A good example of this impaired thinking is in the redesign of the southern Elephant and Castle roundabout - while it is clearly an improvement, it is still a bit naff, with the choice of either a filter lane and ASL, or dodging pedestrians on a toucan crossing. Clearly the huge expanse of paved area was not enough for a proper segregated crossing. Meanwhile, the larger and more dangerous northern roundabout, and the dual carriageway linking them, are left unchanged, because it's easier to have the Stupidhighway dodge around back streets than to actually redesign hazardous junctions.

ibikelondon said...

I'm not sure there is any need for anything to turn ugly so long as everyone is prepared to have their current status quo questioned - whichever side of any debate one might be on. What's important (and what I'm trying to demonstrate with this post) is that the desire for change is clearly there and there's a large appetite for it.

If we can all keep an open mind and an air of civility there's enough to gain that it's worth having this conversation in the first place. Status quo should never be maintained purely to keep the peace. :o)

Clive Chapman said...

As was inevitable this appeared on a Rugby Forum I regularly frequent.

I must stress that this forum is not for the thin skinned or the faint hearted, it regularly pushes the boundaries of what can be deemed "good taste".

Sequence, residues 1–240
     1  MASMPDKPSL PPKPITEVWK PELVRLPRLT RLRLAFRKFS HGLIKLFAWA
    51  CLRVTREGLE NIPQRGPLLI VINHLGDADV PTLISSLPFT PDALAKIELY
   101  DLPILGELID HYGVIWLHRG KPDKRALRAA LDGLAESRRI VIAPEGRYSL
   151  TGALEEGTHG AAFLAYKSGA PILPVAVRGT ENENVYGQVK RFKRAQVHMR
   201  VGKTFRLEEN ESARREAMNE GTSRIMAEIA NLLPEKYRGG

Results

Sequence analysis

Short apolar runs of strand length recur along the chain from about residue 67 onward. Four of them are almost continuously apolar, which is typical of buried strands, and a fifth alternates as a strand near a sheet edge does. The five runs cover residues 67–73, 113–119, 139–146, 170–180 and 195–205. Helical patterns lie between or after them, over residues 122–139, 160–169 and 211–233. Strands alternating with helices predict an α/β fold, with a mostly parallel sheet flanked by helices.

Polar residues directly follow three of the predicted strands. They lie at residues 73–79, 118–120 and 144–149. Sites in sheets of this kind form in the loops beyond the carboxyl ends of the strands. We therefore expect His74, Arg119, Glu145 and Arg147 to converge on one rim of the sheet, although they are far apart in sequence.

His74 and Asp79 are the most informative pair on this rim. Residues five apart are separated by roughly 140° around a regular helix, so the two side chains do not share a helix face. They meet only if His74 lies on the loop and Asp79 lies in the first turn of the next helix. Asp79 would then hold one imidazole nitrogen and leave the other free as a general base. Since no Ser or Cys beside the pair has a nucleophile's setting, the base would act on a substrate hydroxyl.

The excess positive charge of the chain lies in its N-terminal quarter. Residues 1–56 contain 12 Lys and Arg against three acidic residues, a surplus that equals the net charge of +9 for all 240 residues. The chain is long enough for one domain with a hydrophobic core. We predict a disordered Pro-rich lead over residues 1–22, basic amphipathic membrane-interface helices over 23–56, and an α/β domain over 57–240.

The link above is the thread about the Italian motorist/bike crash. As I guessed when I saw the thread it soon descended into an anti bike rant.

But this is the attitude of most motorists to bikes, and I also believe that the Evangelical attitude of some Bike campaigners only makes our case worse to the very people we have to convince.

From my very middle of the road point of veiw (no pun intended) both camps are equally at fault and refuse point blank to even consider the other sides viewpoint. Until we see some understanding from both camps then the views on the Planet Rugby Forum will only continue to prevail.

I must emphasise that that is my perception of things and may well be not be the case. But perception is everything and soon becomes a fact for everybody.

Let's start on altering perceptions instead of lecturing every man and his dog on the fact that we're right all the time.

Again, not the case, but that's the perception.

ibikelondon said...

Hi Clive,

Thanks for stopping by with your thoughts and apologies it's taken me a little while to get back to you (real life getting in the way of internet fun again - grrr)

The cycling incident in Italy is truly tragic. The response on the rugby forum is sad, but not surprising.
I've written about this sort of thing, and cycling's PR problem before;

I agree that we need to change hearts and minds - outside of cycling circles most people would have no idea what segregated vs integrated or provision of hierarchy is all about. So Jim, and his new campaign, will also always seek to portray cycling a fun, positive and achievable light (as I try to do here on the blog) Hopefully the more everyday and ordinary people we have cycling in this world the more hearts and minds we can change!